The new Local Government Pension Scheme, like its predecessor, is an occupational pension scheme intended for employees, who make a contribution alongside the employer’s contribution, which is paid by taxpayers. This Government do not believe that councillors, as representatives elected locally to hold town halls to account and to serve local people, should be in a pension scheme designed for employees. It is on this point of principle that Ministers take a fundamentally different view to the previous Administration. We do not believe it is right to blur the line between council staff and elected councillors.
That point has been heard before and has been referred to by noble Lords during the debate this afternoon; indeed, my noble friend Lady Hanham reinforced the point in her contribution. Contrary to the contributions of noble Lords today, it seems that the vast majority of councillors agree with this Government, because only 16% of councillors in England are part of the Local Government Pension Scheme. To put it another way, only 30% of those eligible to join are members of the scheme. This Government want all councillors to have the full opportunity to demonstrate, as the vast majority already do, that they are independent and not reliant on the municipal payroll.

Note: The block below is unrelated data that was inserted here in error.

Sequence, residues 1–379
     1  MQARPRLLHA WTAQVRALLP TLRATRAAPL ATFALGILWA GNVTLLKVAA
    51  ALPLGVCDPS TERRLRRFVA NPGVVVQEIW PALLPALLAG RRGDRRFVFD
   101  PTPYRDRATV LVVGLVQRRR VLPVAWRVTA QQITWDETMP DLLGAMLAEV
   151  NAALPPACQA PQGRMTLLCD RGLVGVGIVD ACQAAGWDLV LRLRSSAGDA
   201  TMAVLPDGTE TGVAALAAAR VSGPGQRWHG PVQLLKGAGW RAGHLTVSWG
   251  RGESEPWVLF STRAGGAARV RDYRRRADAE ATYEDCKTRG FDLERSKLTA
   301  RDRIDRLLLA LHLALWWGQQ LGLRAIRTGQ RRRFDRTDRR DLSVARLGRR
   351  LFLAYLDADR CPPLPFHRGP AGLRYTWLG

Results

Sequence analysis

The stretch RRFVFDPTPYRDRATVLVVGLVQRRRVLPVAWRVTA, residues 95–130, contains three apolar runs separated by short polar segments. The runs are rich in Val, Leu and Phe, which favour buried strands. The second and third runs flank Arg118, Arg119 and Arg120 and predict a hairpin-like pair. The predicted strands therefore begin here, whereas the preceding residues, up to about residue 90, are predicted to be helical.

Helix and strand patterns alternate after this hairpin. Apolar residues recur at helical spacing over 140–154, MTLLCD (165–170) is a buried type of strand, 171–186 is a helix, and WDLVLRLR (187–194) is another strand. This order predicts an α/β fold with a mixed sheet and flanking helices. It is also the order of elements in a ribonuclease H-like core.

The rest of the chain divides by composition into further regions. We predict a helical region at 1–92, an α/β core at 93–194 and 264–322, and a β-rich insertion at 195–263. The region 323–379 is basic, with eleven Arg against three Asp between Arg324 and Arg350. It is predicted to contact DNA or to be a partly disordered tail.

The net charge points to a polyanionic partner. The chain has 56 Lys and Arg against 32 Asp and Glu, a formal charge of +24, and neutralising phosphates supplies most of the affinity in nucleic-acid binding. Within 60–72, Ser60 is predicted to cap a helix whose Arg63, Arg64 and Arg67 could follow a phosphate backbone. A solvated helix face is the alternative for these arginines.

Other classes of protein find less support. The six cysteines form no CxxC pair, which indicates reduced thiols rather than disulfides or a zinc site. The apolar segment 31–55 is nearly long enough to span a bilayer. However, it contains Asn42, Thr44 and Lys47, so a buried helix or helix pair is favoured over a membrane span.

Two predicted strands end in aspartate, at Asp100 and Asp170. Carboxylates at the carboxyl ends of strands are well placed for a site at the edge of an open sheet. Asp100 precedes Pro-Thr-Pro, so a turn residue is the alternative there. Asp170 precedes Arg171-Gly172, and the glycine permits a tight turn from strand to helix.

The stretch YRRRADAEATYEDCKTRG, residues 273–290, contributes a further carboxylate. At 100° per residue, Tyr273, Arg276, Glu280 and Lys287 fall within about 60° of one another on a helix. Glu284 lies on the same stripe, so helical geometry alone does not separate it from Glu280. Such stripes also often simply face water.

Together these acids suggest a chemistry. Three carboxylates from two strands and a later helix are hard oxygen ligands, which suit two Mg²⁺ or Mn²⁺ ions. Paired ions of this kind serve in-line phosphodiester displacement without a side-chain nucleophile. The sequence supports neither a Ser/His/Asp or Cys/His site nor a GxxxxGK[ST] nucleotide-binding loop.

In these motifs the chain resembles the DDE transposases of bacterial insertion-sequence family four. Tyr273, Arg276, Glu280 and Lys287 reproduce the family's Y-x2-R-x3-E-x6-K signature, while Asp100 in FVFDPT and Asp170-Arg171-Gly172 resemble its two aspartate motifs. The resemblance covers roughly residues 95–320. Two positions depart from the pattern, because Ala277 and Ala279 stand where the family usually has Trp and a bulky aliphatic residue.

We made our position clear when we first announced the proposals in December 2012. I was not going to make this point, but as my noble friend Lord Tope said with tongue in cheek that this was a good day to bury bad news, it is worth reminding noble Lords that he said that because the previous Government announced their decision to provide access to the Local Government Pension Scheme on the day of 9/11. I hope that my noble friend is not seriously saying that the last working day before Christmas—a day when we were in any case publishing the local government financial settlement in documents which all people interested in local government activity were waiting for—is the same as 9/11. When we announced our intentions, Ministers indicated the Government’s view that councillors’ ongoing membership of the Local Government Pension Scheme was not appropriate. The Government’s direction of travel has been clear since then.
The Government have, of course, sought views on this change. Between April and June last year, we consulted with a wide range of interested parties. Although the consultation made clear the Government’s preferred position, it also invited respondents to offer evidence about the impact of the change and to suggest alternative proposals. It is fair to say, as noble Lords have made clear this afternoon, that a majority of respondents did not support the Government’s proposals. Many—particularly some councillors and those representing them—felt strongly that they should be able to continue to be members of the Local Government Pension Scheme. However, it is worth pointing out to noble Lords that only 472 individual councillors felt moved to write as part of the consultation to express their opposition, which is fewer than 3% of the around 18,000 councillors in England.